Rheumatoid Arthritis Patients at Increased Risk for Malignancy


Lymphoma and lung cancer present significant risk to RA patients.

Lymphoma and lung cancer present significant risk to RA patients.

Those who suffer from rheumatoid arthritis may also be at risk for much more serious conditions such as lymphoma and lung cancer, according to a study that confirmed the findings of several prior studies.

Nine publications were analyzed in the literature evaluation that weighed findings from past studies against each other.

The meta-analysis evaluated studies that took place between 2008 and 2014 and looked for indications of rheumatoid arthritis patients suffering from malignancies including lymphoma and lung cancer. Additionally, the researchers screened for instances of breast, cervical, and prostate cancers in relation to rheumatoid arthritis.

In general, standardized incidence ratios for overall malignancy across the studies were similar. Six out of seven studies reported an increase in the risk of malignancy in patients with rheumatoid arthritis.

Lymphoma and lung cancer posed the greatest risk to patients, while other cancers such as breast and cervical cancer, actually decreased in rheumatoid arthritis patients compared with the general population.

Scientists have many theories as to why there is an increased risk of malignancy in rheumatoid arthritis patients. One theory proposes that ongoing immunologic stimulation over time may increase the risk of malignant transformation of immune system cells and decrease the number of T-suppressor lymphocytes, thus increasing rates of lymphoma malignancy in patients with rheumatoid arthritis.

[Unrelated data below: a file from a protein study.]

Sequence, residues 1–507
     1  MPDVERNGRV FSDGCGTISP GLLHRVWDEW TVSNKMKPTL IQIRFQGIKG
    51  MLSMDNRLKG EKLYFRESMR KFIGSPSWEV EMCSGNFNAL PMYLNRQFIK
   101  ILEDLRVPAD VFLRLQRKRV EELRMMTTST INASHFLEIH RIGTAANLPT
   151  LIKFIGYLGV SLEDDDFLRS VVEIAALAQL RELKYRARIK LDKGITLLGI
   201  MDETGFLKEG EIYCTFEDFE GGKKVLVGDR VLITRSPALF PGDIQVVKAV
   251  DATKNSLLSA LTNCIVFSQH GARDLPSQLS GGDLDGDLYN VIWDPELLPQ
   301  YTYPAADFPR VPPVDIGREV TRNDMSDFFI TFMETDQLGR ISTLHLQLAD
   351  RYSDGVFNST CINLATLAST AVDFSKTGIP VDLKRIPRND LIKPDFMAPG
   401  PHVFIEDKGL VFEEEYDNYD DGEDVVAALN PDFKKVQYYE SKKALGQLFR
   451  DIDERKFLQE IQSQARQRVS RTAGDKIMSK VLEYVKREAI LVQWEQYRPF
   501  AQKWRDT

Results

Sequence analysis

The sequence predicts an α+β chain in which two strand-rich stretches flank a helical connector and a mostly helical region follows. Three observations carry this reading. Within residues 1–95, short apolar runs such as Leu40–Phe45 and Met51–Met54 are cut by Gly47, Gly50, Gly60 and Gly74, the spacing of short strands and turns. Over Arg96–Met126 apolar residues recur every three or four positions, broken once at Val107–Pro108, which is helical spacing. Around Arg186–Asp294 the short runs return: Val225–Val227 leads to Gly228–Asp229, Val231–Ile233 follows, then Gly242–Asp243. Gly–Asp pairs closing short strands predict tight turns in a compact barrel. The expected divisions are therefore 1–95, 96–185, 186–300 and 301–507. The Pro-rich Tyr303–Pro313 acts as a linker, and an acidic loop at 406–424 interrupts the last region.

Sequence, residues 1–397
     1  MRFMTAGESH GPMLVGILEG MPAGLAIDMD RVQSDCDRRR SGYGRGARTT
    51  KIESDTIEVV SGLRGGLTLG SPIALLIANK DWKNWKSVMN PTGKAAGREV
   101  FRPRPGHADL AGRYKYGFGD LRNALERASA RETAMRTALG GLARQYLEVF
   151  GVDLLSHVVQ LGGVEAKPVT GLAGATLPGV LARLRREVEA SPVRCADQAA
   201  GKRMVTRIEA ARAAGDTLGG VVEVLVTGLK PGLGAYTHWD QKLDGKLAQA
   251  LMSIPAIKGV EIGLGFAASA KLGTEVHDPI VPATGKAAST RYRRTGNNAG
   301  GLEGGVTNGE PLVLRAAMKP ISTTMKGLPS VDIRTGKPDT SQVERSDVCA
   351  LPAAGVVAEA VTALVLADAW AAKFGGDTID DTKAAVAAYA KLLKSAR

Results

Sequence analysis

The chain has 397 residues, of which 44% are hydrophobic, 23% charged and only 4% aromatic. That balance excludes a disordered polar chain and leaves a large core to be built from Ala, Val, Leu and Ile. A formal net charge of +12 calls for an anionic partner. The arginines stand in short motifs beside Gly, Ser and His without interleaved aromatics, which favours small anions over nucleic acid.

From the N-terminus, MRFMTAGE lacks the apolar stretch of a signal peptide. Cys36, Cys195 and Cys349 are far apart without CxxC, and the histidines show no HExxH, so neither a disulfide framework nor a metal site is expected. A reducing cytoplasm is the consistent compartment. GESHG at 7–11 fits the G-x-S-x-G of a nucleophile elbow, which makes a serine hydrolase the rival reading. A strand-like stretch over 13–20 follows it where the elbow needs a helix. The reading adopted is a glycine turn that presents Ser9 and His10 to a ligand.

Additionally, chronic lung inflammation in patients with rheumatoid arthritis may explain the increased risk of lung cancer in these patients. For the observed decreased risks for colorectal and breast cancers, this may be attributed to the increased use of non-steroidal anti-inflammatory drugs, which are known to decrease this risk.

Overall rate of malignancy may be attributed to the autoimmune pathogenesis of rheumatoid arthritis and common etiology between rheumatoid arthritis and malignancy, including genetic factors, smoking-related tissue necrosis, and viral infection.

The study confirms what has been previously reported in regards to malignancy with rheumatoid arthritis. In analyzing these data, scientists can now say beyond the shadow of a doubt that rheumatoid arthritis increases the likelihood of malignancies in patients with this condition.

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